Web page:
Kuhn : Philosopher of Scientific Revolutions
In the booka s second half, Sharrock and Read provide excellent explications, defences and, where appropriate, criticisms of Kuhna s central concept of a incommensurabilitya , and tackle head on the crucial issue of whether Kuhna s insights concerning the natural sciences can be extrapolated to other disciplines, such as the social sciences. This is the first comprehensive introduction to the work of Kuhn and it will be of particular interest to students and scholars in philosophy, theory of science, management science and anthropology.
- Hardback | 248 pages
- 153.4 x 240.3 x 23.4mm | 480.82g
- 29 Oct 2002
- Polity Press
- Oxford, United Kingdom
- 1, black & white illustrations
Other books in this series
15 Jan 1991
Back cover copy
Sharrock and Read take the reader through Kuhn's work in acareful and accessible way, emphasizing Kuhn's detailed studies ofthe history of science, which often assist the understanding of hismore abstract philosophical work. These historical studies providevital insight into what Kuhn was actually trying to achieve in hisThe Structure of Scientific Revolutions an endeavour farless extreme than either his 'foes' or his'fans' claim. In the book's second half, Sharrock andRead provide excellent explications, defences and, whereappropriate, criticisms of Kuhn's central concept of'incommensurability', and tackle head on the crucialissue of whether Kuhn's insights concerning the natural sciencescan be extrapolated to other disciplines, such as the socialsciences.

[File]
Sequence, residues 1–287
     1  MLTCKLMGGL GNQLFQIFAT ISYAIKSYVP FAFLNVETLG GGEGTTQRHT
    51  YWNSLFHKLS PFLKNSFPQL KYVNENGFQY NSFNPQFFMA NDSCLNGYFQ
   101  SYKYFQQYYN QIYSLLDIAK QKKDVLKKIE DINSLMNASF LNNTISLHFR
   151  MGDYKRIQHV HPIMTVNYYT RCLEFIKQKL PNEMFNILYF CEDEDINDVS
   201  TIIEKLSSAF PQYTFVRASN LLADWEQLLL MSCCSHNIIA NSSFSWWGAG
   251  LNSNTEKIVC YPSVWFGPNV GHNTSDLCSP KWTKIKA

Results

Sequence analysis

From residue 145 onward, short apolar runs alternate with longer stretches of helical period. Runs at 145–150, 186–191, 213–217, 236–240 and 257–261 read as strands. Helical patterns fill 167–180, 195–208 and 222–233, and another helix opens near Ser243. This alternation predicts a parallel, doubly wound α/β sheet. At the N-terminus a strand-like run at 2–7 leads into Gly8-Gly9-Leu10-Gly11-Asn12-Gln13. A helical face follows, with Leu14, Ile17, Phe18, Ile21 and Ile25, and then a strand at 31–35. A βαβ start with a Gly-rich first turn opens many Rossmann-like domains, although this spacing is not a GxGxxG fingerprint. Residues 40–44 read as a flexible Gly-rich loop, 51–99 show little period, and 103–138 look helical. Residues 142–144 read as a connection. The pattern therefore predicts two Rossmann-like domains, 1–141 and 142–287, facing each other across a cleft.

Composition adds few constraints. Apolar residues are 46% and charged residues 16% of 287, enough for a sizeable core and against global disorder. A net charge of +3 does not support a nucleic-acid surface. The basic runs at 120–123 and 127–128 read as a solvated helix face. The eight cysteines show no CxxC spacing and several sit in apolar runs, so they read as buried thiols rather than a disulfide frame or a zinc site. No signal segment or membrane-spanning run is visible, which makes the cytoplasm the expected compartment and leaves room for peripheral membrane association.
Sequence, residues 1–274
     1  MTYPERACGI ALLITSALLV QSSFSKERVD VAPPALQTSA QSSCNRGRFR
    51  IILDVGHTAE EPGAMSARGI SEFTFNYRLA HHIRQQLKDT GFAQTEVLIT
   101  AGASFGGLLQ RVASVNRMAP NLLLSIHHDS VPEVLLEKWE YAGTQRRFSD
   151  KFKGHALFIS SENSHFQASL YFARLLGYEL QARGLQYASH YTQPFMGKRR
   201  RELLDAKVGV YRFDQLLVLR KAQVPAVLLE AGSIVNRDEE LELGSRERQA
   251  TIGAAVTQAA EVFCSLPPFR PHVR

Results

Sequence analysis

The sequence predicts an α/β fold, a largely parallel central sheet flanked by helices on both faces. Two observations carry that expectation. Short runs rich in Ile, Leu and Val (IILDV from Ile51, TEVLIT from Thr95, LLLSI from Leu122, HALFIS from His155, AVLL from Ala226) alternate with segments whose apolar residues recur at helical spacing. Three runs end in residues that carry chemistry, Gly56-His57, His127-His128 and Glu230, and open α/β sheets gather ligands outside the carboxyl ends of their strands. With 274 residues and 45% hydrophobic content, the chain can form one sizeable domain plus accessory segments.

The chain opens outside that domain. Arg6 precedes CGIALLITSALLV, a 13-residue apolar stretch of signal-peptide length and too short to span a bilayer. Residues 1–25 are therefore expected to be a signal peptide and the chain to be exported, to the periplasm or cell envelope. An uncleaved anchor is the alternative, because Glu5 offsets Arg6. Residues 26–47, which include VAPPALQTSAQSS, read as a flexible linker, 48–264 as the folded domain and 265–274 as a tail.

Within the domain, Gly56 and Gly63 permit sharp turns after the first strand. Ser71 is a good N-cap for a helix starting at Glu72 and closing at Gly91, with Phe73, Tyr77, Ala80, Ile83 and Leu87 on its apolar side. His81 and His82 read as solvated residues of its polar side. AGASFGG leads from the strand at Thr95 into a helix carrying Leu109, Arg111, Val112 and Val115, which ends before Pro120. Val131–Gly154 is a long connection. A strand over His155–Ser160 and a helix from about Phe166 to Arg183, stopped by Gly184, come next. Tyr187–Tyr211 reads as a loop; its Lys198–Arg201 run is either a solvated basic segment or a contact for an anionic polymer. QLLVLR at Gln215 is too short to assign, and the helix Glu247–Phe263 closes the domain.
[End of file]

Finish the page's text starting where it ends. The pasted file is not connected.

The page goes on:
This is the first comprehensive introduction to the work ofKuhn and it will be of particular interest to students and scholarsin philosophy, theory of science, management science andanthropology.
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About Wes Sharrock